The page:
Manuel Mattheisen

Polymorphisms in SREBF1 and SREBF2, two antipsychotic-activated transcription factors controlling cellular lipogenesis, are associated with schizophrenia in German and Scandinavian samples

Research output: Contribution to journal/Conference contribution in journal/Contribution to newspaperJournal articleResearchpeer-review

  • S Le Hellard
  • ,
  • T W Mühleisen
  • ,
  • S Djurovic
  • ,
  • J Fernø
  • ,
  • Z Ouriaghi
  • ,
  • Manuel Mattheisen
  • C Vasilescu
  • ,
  • M B Raeder
  • ,
  • T Hansen
  • ,
  • J Strohmaier
  • ,
  • A Georgi
  • ,
  • F F Brockschmidt
  • ,
  • I Melle
  • ,
  • I Nenadic
  • ,
  • H Sauer
  • ,
  • M Rietschel
  • ,
  • M M Nöthen
  • ,
  • T Werge
  • ,
  • O A Andreassen
  • ,
  • S Cichon
  • ,
  • V M Steen
Several studies have reported structural brain abnormalities, decreased myelination and oligodendrocyte dysfunction in schizophrenia. In the central nervous system, glia-derived de novo synthesized cholesterol is essential for both myelination and synaptogenesis. Previously, we demonstrated in glial cell lines that antipsychotic drugs induce the expression of genes involved in cholesterol and fatty acids biosynthesis through activation of the sterol regulatory element binding protein (SREBP) transcription factors, encoded by the sterol regulatory element binding transcription factor 1 (SREBF1) and sterol regulatory element binding transcription factor 2 (SREBF2) genes. Considering the importance of these factors in the lipid biosynthesis and their possible involvement in antipsychotic drug effects, we hypothesized that genetic variants of SREBF1 and/or SREBF2 could affect schizophrenia susceptibility. We therefore conducted a HapMap-based association study in a large German sample, and identified association between schizophrenia and five markers in SREBF1 and five markers in SREBF2. Follow-up studies in two independent samples of Danish and Norwegian origin (part of the Scandinavian collaboration of psychiatric etiology study, SCOPE) replicated the association for the five SREBF1 markers and for two markers in SREBF2. A combined analysis of all samples resulted in highly significant genotypic P-values of 9 x 10(-4) for SREBF1 (rs11868035, odd ration (OR)=1.26, 95% confidence interval (CI) (1.09-1.45)) and 4 x 10(-5) for SREBF2 (rs1057217, OR=1.39, 95% CI (1.19-1.63)). This finding strengthens the hypothesis that SREBP-controlled cholesterol biosynthesis is involved in the etiology of schizophrenia.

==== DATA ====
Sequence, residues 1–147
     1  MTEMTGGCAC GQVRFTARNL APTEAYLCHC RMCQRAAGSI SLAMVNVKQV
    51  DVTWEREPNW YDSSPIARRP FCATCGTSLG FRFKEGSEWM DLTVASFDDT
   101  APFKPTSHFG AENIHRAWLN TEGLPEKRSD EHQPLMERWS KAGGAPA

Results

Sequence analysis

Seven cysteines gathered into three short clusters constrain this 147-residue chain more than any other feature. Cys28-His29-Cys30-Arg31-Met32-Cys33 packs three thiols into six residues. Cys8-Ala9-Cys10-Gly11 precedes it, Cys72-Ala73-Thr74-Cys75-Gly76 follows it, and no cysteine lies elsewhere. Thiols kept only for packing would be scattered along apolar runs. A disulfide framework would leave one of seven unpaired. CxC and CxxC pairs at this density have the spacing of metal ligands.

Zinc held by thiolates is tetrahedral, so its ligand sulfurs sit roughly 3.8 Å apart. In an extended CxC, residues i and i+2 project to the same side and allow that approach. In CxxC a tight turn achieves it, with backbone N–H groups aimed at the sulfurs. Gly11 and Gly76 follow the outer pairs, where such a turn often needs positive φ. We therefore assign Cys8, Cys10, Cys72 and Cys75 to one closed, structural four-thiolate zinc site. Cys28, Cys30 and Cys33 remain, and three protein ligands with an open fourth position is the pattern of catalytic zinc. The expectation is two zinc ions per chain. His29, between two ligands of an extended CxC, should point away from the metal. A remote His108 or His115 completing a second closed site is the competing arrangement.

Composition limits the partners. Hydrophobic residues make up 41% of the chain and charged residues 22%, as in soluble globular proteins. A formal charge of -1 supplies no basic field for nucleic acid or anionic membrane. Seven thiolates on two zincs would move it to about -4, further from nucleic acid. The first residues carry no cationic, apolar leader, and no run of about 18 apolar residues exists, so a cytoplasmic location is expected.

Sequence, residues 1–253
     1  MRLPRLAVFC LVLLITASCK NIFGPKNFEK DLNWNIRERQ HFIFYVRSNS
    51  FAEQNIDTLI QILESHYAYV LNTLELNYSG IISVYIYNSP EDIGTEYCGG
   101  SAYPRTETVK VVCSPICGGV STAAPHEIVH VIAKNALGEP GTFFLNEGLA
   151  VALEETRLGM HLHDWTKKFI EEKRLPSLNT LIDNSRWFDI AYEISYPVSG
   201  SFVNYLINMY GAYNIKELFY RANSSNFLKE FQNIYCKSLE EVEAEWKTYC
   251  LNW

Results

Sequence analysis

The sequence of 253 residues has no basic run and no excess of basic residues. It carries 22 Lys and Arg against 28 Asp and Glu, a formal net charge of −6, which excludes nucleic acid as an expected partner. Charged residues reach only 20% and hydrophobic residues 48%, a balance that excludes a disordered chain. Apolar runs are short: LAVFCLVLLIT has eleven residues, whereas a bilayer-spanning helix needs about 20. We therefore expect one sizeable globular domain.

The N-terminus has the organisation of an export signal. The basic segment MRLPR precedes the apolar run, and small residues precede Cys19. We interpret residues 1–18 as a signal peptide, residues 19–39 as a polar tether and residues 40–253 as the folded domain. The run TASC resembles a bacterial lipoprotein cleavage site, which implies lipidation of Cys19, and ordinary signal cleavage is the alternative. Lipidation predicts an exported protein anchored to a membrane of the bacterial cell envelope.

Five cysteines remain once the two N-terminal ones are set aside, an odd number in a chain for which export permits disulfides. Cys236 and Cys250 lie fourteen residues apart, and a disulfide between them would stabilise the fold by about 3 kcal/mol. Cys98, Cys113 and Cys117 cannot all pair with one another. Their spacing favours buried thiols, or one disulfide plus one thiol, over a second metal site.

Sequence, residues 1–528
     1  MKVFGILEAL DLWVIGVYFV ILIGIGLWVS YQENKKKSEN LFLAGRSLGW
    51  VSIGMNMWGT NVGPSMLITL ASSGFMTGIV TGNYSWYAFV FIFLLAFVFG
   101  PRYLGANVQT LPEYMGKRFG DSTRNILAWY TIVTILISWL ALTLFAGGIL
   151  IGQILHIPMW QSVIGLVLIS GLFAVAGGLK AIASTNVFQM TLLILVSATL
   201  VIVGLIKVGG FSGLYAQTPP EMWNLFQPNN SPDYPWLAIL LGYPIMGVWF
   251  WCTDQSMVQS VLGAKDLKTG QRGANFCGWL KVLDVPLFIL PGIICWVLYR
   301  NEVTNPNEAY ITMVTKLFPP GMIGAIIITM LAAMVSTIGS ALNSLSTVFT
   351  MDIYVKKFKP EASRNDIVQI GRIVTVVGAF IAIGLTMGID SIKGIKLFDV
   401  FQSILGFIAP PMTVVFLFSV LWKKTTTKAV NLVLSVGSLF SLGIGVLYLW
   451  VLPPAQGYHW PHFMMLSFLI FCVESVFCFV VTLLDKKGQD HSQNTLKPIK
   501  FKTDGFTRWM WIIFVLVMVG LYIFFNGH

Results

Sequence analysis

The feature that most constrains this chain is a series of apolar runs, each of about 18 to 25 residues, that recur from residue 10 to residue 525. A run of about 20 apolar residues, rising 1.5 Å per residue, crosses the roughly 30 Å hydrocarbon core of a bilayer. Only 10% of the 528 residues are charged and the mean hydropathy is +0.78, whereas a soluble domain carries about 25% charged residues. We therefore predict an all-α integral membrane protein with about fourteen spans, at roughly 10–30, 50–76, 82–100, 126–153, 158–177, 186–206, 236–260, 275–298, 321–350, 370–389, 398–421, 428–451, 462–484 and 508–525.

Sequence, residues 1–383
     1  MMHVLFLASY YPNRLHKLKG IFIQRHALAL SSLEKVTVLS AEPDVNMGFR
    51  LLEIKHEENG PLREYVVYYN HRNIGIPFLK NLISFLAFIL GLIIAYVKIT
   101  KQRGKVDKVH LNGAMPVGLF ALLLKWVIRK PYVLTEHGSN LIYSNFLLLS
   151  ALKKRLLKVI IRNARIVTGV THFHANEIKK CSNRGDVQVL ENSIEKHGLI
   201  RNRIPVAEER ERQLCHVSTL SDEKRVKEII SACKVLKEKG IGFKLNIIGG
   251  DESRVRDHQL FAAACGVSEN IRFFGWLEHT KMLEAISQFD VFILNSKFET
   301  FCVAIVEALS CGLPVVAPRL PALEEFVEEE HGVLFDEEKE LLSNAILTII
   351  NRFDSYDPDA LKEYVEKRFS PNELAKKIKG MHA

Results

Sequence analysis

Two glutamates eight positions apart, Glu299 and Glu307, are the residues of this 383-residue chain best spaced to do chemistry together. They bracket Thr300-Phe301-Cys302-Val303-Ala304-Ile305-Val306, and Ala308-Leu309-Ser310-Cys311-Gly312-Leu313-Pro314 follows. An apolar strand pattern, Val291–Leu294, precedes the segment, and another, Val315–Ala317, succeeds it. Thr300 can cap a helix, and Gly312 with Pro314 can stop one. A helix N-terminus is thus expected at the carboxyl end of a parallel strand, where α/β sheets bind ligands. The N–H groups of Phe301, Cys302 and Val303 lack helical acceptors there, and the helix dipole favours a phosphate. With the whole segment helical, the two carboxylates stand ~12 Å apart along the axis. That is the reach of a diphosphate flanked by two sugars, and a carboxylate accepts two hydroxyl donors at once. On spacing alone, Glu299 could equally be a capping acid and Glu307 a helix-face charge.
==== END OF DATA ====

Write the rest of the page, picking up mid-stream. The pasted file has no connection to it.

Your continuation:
Original languageEnglish
JournalMolecular Psychiatry
Volume15
Issue5
Pages (from-to)463-72
Number of pages10
ISSN1359-4184
DOIs
Publication statusPublished - May 2010
Externally publishedYes

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